MADISON, Wis. (AP) — Republican Gov. Scott Walker waded into the fierce debate over school shootings Thursday, unveiling a package of legislation that would commit $100 million to campus safety but not impose any gun restrictions or require that teachers arm themselves, as some conservatives have proposed.
Pressure on politicians from statehouses to Congress to address school safety and gun control has been mounting since last month’s mass shooting at a Florida high school that killed 17 people. Students around the country walked out of class Wednesday morning to demand tighter gun restrictions.
About 3,000 students converged on the state Capitol in Madison, jamming the corridors outside Walker’s office. Walker wasn’t around during the protest — his office announced late Tuesday afternoon that he’d be in far northern Wisconsin on Wednesday for a bill signing. The governor, who faces re-election this year, had been working on the school safety package with Republican lawmakers for days but released it early Thursday morning.
He ordered the Legislature to take up the bills in a special session, likening the package to airport security upgrades following the Sept. 11th terrorist attacks.
“No child, parent, or teacher should ever have to feel unsafe in school,” Walker said in a news release announcing the legislation.
The bills’ prospects look dim in the state Senate, even though Walker worked with the chamber’s GOP members on the package. Democrats pounced on the legislation regardless, criticizing Walker for doing nothing to bolster gun control. The National Rifle Association has spent $3.5 million to help Walker since 2010. The organization contributed $12,500 directly to his campaign and spent the rest on independent efforts that supported him, according to government watchdog Wisconsin Democracy Campaign.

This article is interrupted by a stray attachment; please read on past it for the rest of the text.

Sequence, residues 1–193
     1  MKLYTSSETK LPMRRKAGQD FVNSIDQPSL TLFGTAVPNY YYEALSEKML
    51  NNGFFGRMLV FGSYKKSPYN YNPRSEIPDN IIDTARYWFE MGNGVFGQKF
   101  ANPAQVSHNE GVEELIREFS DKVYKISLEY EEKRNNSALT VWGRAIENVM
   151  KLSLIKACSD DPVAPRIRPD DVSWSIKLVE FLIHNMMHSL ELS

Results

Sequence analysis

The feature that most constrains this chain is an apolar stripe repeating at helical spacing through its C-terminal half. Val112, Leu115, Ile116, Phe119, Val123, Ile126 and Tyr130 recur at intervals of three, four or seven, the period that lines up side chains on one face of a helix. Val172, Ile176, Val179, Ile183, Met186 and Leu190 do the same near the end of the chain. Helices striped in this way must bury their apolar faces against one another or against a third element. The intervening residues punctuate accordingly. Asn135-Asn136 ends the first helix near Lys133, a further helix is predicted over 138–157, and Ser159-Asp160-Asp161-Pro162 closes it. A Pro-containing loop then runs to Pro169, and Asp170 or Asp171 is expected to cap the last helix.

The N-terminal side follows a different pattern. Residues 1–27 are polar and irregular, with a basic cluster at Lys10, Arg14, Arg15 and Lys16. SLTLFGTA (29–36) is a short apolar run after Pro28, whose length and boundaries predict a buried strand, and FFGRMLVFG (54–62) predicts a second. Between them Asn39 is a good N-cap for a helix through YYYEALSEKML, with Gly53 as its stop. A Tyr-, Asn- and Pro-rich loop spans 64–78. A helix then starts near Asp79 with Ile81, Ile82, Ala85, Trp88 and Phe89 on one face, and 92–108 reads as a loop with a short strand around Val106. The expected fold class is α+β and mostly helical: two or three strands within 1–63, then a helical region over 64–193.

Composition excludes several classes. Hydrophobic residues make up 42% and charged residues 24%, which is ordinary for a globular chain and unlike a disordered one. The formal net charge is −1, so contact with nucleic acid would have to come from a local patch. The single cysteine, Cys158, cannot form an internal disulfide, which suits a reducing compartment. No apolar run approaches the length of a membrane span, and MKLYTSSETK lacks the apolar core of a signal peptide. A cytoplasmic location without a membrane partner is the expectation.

“It’s disappointing to see Gov. Walker continue to ignore the pleas from Wisconsin students who want safe schools,” Senate Minority Leader Jennifer Shilling said in a statement. “For a plan that is supposed to be about gun safety, I don’t see anything in here that will keep deadly firearms out of the wrong hands.”
The legislation calls for the creation of a four-person Office of School Safety within the state Department of Justice. The office would work with police and schools to develop best practices for school safety and provide training and other resources to schools. Any training the office provides would have to include trauma-informed care principals, which call for recognizing that people have gone through different traumas in their lives.
The office also would administer $100 million in new grants that schools could use to cover building security improvements, training and campus police officers. The grant money could come out of general purpose tax revenue.
The bills also would require all mandatory child abuse reporters to report any threats of school violence to police. Mandatory abuse reporters include doctors, mental health care professionals, teachers and guidance counselors.
Schools would have to notify parents or guardians of any children involved in a bullying incident within 48 hours; current state law requires such notification but doesn’t set a time frame.
School safety plans would have to include procedures for threats at individual buildings as well as annual drills. Schools would be permitted to share surveillance footage with police without violating student privacy laws.
The governor also issued an executive order Thursday calling on the state Department of Administration to consult with schools and police on security upgrades and create new state contracts with suppliers that schools can use to procure safety equipment and services.
Walker developed the legislation in consultation with Republican leaders in both the Assembly and Senate. The Assembly finished its regular two-year session last month but Speaker Robin Vos said members would return to Madison to take up the school legislation in a one-day special session sometime next week.
The Senate is expected to address school safety on March 20, the last day of the chamber’s regular two-year session. Majority Leader Scott Fitzgerald said in a statement the Senate will consider a plan that “closely aligns” with Walker’s proposals without entering special session. His spokesman didn’t immediately reply to an email seeking details of the Senate Republicans’ plan.